I'm constantly looking for shortcuts in all my work and even personal life, to save time and increase bandwidth/leverage. One of my favourite hacks is that I wear the same outfit to work every day. I have a stack of black tee shirts from MUJI, black jeans from Levi's, and black sneakers from Onitsuka. I wear them almost every single day.

I typically wear something different on weekends, though quite often I forget and just grab my black outfit again. But my wife helps keep me in check on weekends.

What task do you not like to do but have to do?

I absolutely hate doing things that are repetitive. If I could, I'd automate my shower. So that I can just walk in, press a button, and everything happens without any effort.

How do you keep track of what you have to do?

I am obsessed with my calendar and to-do lists. I use Google calendar and Trello. If I agree to watch a movie, it goes into my calendar. If I agree to have a phone call with someone (aside from friends & family), it goes into my calendar. When I plan a haircut, it goes into my calendar. Dinners with friends, colleagues or professional contacts, calendar! Most of my meetings at work are scheduled. If I need to review a document, it goes into both my calendar and my Trello checklist.

This practice allows me to know how much time I've "dedicated" to things vs. how much "open" time I have. And it determines how many things I can do spontaneously. It also minimizes scheduling conflicts, missed meetings, missed deadlines, etc. I think people highly underestimate and underinvest in calendars and schedules.

How do you recharge or take a break?

I sleep, read (mostly management, leadership and human psychology), hang out with my wife or friends, watch Netflix, take long walks (mostly when I'm outside Lagos), and sometimes avoid other people.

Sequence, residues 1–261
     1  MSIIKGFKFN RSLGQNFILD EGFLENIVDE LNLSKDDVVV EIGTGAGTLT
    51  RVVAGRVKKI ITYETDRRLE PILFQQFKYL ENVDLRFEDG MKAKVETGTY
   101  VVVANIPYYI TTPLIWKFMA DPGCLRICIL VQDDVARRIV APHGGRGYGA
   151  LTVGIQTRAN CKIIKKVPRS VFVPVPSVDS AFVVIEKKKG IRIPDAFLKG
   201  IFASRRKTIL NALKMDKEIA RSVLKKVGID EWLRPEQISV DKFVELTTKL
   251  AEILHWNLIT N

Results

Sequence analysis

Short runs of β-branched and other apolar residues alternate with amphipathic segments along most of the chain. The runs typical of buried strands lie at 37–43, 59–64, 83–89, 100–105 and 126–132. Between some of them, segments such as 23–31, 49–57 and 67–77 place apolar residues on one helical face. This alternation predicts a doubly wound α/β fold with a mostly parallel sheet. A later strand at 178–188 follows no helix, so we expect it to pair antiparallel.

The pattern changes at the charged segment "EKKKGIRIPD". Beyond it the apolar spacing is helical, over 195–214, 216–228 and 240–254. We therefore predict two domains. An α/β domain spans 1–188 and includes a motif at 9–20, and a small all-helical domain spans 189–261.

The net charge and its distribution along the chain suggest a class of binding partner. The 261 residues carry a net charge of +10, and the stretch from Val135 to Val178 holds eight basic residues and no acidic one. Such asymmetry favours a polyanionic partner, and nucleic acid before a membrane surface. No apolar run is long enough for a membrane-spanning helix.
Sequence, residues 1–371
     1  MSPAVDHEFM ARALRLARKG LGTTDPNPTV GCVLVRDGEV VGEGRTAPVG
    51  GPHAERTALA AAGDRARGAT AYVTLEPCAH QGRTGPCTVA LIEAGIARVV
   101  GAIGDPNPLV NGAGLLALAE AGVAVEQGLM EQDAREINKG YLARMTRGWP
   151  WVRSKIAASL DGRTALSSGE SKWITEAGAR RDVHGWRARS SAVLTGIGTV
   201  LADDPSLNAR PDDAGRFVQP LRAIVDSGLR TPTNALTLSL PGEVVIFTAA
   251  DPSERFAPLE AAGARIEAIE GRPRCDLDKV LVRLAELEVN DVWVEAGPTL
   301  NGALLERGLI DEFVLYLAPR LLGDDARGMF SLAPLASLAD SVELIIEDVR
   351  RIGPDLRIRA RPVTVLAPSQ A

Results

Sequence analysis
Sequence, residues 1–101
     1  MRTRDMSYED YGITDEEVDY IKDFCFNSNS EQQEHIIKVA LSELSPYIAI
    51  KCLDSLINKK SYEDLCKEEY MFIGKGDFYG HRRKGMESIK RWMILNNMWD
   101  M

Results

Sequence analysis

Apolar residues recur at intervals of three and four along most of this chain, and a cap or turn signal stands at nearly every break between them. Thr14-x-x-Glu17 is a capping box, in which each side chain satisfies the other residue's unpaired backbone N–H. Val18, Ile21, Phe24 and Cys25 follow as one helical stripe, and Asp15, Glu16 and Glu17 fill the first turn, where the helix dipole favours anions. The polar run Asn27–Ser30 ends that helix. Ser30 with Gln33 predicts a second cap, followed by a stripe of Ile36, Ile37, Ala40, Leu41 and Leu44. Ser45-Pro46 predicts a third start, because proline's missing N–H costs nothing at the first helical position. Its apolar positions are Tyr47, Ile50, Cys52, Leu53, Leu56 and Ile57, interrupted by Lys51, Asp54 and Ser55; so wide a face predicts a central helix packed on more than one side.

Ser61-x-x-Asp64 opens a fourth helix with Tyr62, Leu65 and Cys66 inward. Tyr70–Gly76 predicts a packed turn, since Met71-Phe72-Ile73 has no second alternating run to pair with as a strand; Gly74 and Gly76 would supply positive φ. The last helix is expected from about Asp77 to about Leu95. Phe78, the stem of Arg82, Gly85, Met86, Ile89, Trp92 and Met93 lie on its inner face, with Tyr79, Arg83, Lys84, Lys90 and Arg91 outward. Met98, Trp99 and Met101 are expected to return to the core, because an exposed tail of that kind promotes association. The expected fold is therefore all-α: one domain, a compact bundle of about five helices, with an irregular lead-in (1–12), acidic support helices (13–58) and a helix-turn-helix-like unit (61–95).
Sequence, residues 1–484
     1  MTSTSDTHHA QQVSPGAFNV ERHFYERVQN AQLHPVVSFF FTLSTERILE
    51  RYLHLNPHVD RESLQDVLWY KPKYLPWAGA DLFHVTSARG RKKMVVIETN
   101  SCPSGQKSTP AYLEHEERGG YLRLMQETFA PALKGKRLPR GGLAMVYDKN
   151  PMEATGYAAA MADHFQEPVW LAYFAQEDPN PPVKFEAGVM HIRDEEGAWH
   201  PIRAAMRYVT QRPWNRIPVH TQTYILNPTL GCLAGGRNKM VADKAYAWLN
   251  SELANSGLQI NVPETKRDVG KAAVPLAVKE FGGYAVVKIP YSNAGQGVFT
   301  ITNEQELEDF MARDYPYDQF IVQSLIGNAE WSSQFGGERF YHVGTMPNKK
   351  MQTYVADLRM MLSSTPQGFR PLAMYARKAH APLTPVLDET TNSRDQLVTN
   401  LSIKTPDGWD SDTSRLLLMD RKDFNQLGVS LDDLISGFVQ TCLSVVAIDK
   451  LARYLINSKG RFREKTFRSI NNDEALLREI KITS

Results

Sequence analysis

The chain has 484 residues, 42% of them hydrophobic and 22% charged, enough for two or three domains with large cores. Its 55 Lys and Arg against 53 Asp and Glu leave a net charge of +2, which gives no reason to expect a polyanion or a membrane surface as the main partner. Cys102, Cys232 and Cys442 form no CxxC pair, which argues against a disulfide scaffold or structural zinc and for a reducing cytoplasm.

What do you enjoy or spend time doing besides work?

The same as above. And I also really enjoy breaking down business models, advising executives and entrepreneurs, mentoring professionals, and dreaming about new bold ideas that can change our world.

What are you currently reading, watching or listening to, or what do you recommend?

I just finished reading "High Output Management" by Andy Grove. I'm about to start reading a multi-part series from the Harvard Business Review on effective leadership and management. I have one more episode of Black Mirror left (on Netflix), and I most recently listened to Beyoncé's Lion King album because my wife is the biggest Beyoncé fan on the planet.

What's the best advice you've ever received?

My really good friend and mentor, Yomi Jemibewon, told me that most of the challenges I face at work and in business will be people related. He said that if I can figure out people, then I'll be able to achieve a lot. I've taken that to heart and he's been 110% correct based on my experiences both in Nigeria and abroad.


What's a problem you're still trying to solve?

The problem of not being able to have a single day of seamless or effortless experiences in Lagos. Every morning in Lagos feels like preparation for battle or stress. There are too many people who live a lower quality of life, regardless of their income level, because too many things don’t work the way they’re supposed to.

To solve these things, we need a massive overhaul of society - from education to training, regulation, law enforcement and governance, which would involve tens of millions of Nigerians. I don't yet know how you solve that, but it’s something I’m constantly thinking about.

Who else would you like to see answer these questions?

Shola Akinlade at Paystack.

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I write about media, technology and internet culture.
I write about media, technology and internet culture.